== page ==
Monday, November 2, 2015

Another reason the FED cannot raise rates


When President Obama signs into law the new two-year budget deal Monday, his action will bring into sharper focus a part of his legacy that he doesn’t like to talk about: He is the $20 trillion man.

How can the FED raise rates when there is $20 trillion in debt. Every one percent increase in rates will lead to $200 Billion in interest payments. Every year the US government runs deficits in their budget so the debt just keeps increasing. Eventually the market will figure this out and then we will see a resumption of the decline in the dollar. Currently Japan is further down the road in this endeavour as their debt is over 150% of GDP and the bank of Japan is buying an increasing amount of the public debt.  

The greater issue is Japan’s skewed intergenerational income distribution which conceals policy mismanagement over the past 20 years. Over that period the government has borrowed from future generations. That has caused the nation’s net debt to GDP ratio to reach 150%. I am worried that the economy is near full employment, yet the budget deficit remains 5 to 6% of GDP. In addition the nominal growth rate is at best 2%. This suggests the debt to GDP ratio is heading towards infinity.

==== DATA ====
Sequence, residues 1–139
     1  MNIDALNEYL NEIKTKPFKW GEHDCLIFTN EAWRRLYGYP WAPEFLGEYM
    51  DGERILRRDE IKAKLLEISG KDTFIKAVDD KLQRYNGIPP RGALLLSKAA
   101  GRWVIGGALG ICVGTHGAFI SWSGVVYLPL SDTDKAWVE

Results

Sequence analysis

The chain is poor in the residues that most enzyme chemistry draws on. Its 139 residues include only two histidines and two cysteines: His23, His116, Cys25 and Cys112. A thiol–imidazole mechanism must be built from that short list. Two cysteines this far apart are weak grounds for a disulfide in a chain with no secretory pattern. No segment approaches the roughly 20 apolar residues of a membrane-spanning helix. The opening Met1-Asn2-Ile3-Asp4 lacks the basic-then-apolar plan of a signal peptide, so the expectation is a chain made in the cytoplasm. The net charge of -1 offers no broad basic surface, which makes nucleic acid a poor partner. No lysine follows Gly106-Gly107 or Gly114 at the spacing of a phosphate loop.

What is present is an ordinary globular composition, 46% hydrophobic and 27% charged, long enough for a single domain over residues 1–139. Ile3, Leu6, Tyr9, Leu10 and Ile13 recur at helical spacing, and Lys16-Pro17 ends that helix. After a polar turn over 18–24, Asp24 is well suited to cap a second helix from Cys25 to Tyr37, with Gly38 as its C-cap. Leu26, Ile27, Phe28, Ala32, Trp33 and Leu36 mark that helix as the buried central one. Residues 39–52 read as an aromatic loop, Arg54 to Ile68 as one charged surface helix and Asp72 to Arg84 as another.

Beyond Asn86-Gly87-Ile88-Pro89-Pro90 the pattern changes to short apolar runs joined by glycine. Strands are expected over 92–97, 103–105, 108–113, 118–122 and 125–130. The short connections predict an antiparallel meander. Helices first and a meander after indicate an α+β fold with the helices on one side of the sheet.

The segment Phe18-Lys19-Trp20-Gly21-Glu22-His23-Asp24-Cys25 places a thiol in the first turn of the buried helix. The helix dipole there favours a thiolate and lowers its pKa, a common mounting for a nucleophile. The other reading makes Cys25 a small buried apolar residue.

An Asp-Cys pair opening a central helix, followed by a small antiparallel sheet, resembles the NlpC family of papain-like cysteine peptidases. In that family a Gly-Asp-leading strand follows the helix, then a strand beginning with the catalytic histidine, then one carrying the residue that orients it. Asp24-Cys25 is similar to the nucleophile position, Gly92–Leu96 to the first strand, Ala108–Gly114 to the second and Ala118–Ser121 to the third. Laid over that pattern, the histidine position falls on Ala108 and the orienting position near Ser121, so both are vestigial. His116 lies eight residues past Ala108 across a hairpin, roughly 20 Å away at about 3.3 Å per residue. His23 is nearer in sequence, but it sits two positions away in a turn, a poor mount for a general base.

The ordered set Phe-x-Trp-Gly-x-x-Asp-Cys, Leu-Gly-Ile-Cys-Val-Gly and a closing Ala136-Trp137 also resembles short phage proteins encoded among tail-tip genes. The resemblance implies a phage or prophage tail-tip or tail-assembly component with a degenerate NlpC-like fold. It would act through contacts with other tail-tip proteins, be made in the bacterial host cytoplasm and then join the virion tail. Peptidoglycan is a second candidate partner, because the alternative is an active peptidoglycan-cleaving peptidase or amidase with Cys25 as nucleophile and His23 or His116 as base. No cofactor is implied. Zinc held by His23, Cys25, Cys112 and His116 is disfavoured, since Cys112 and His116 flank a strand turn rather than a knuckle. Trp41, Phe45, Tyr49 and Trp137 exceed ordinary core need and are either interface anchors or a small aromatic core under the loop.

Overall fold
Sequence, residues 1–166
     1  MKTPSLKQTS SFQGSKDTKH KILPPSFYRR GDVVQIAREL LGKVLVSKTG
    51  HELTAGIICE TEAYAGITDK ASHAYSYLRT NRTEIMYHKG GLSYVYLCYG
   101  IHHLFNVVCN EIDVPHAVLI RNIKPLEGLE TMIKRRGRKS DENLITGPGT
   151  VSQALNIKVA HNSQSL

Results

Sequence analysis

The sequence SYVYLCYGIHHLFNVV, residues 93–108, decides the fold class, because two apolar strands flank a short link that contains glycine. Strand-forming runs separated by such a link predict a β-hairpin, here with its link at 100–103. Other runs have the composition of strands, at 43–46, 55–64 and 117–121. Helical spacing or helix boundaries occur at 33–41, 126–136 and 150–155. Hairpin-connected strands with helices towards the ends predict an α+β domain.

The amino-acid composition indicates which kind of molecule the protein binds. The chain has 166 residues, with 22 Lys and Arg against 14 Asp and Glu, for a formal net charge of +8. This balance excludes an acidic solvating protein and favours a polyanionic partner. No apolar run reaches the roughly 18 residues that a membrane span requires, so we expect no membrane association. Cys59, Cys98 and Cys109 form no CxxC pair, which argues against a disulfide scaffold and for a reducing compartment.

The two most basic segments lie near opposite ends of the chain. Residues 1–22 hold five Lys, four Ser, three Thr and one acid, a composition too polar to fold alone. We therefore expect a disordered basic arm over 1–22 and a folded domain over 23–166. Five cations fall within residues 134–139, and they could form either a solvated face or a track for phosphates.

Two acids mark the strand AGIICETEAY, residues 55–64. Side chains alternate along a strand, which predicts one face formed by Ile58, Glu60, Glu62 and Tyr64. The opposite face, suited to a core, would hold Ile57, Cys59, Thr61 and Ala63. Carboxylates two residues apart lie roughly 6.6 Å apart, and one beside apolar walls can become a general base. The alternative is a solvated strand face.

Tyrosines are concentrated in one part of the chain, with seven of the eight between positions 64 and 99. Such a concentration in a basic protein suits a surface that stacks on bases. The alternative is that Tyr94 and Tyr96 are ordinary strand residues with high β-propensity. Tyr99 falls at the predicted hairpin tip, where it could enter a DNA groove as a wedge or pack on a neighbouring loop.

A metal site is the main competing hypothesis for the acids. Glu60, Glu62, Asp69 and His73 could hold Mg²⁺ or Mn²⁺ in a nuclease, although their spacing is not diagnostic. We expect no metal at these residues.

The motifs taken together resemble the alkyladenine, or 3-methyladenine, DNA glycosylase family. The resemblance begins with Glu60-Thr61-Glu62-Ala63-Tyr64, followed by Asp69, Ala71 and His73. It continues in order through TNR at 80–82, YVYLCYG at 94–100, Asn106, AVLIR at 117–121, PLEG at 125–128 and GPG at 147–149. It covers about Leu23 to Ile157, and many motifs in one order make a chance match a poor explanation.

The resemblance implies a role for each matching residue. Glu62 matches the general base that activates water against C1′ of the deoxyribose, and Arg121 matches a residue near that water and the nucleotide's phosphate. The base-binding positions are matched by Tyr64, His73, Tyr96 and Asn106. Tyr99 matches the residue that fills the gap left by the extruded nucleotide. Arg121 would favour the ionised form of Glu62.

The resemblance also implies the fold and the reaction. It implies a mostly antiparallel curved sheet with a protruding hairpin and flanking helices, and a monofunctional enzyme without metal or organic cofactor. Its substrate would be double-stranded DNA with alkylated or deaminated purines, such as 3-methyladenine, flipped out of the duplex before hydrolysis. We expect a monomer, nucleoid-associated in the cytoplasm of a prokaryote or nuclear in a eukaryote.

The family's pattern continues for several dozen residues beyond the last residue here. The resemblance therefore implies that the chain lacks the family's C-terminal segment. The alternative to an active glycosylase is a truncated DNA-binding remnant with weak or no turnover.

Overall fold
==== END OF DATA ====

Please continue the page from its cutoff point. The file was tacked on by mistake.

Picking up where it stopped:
Since that’s impossible, there will likely be a breaking point when wealth gets redistributed to the government through the tried and trusted mechanism of inflation. Alternatively, the government could confiscate half of people’s wealth through a one-off transparent wealth tax to write off the nation’s debt. It amounts to the same.

That statement above is from the chief economist at the Bank of Singapore. He is a mainstream economist and he flat out says that inflation (money printing) will be used as the way that the government tries to get out of the problem. There is plenty of warning for what is coming it is only the timing that is in question. Are you prepared?

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